Population Projection Perth 2010 to 2050


Bumper to Bumper
Perth people love their cars and in 2006 there were around 900,000 private motor vehicles. If we show the same propensity to get around by motor vehicle we could have almost 2,000,000 privately owned cars by 2050. Would this mean more than doubling our current 13,500 kilometres of roads so that we aren’t in permanent gridlock?

And we are still using these cars to get to and from work, despite the exhortations of environmentalists. Currently almost 75% of Perth people drive to work and under 10% use public transport. This is a ratio that will almost certainly have to change by 2050, unless we all start riding electrically powered Vespas, or perhaps the local product, the V-Moto?

Power For The People
Of course twice as many people means twice as much power and water will be required. According to the Water Corporation “Climate change has seen a dramatic reduction in the stream-flows into Perth’s dams by up to 50% as a result of a 12% decline in rainfall over the last decade.”

In the 2008/2009 financial year, the average amount of scheme water each person used in Perth was 280 litres each day (www.watercorporation.com.au/D/dams_storage.cfm). Unless we start showering together and brick paving our lawns we might need to start building more desalination plants. The Water Corporation has released a 50 year plan to deliver sustainable water and wastewater services to Perth (www.thinking50.com.au) to address this issue.


Alinta Gas has 3,000MW of installed generation capacity of gas, to fire up our water heaters, stoves and space heaters. Maybe global warming won’t see us need to increase that capacity by as much as the projected population increase?

Similarly, if we keep using our air conditioners, clothes dryers and electric leaf blowers as much as we do now, we will need to double the amount of electricity that we currently produce.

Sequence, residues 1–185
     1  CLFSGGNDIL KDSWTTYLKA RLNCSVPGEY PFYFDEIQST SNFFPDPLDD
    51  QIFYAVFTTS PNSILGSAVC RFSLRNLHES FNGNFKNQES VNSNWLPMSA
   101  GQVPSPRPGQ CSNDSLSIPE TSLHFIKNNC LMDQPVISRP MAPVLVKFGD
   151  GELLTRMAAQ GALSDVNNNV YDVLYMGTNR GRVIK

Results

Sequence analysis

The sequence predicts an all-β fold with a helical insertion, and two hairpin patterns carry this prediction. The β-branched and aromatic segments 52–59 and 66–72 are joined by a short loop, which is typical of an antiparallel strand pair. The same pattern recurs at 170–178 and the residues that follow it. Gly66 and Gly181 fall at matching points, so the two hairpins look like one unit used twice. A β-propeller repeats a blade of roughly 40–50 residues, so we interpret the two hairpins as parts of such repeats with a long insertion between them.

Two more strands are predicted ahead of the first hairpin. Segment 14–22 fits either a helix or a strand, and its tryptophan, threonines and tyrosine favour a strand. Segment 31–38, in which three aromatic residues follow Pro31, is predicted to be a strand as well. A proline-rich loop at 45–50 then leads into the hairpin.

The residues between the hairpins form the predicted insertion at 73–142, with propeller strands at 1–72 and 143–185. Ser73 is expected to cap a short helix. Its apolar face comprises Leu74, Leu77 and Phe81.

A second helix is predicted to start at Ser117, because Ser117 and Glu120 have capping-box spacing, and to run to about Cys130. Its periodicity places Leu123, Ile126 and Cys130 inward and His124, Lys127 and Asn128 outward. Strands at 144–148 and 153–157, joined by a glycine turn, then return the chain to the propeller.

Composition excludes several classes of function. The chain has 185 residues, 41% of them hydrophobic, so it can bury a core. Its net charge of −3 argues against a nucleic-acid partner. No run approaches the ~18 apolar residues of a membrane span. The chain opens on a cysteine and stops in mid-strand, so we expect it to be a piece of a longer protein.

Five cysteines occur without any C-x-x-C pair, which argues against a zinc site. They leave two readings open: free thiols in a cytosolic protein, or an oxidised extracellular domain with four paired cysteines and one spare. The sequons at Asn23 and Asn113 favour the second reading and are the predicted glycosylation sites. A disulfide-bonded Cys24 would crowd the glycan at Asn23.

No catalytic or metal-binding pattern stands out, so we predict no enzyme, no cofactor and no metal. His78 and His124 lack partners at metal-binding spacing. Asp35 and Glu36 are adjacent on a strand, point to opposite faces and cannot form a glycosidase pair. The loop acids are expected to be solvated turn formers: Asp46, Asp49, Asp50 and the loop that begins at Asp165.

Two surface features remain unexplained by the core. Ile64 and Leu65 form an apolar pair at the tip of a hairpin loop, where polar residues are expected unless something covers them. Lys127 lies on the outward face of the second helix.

Perth city skyline


Packed School Lunches
We’re constantly being told we need to get smarter as a nation and as at 2008 WA had 1,065 schools, catering to 275,000 students. Schools Australia (cat. 4221.0)
In an expanded Perth this could mean over 2,300 schools and over 600,000 students. This may mean stiff competition for school names. Already there are 73 schools named after saints, including 12 after St Joseph and 9 after St Mary. The canonisation of Mary McKillop should see a rise in the latter count.
We’ve heard about how the population is ageing, but even if it didn’t, growth alone would increase the numbers requiring assistance. In 2006 just over 50,000 people required assistance with a core activity such as self-care. By 2050 this could rise as high as 112,000.

So, what does the future hold? According to UWA Professor Richard Weller, by using a unique approach, diversifying, whilst becoming more resilient and experimenting with new forms, Perth should meet its expected population growth of over 3 million people by 2050.


Phil Smythe
Article by Phil Smythe, Client Liaison Unit - Living extravagantly on a quarter acre block.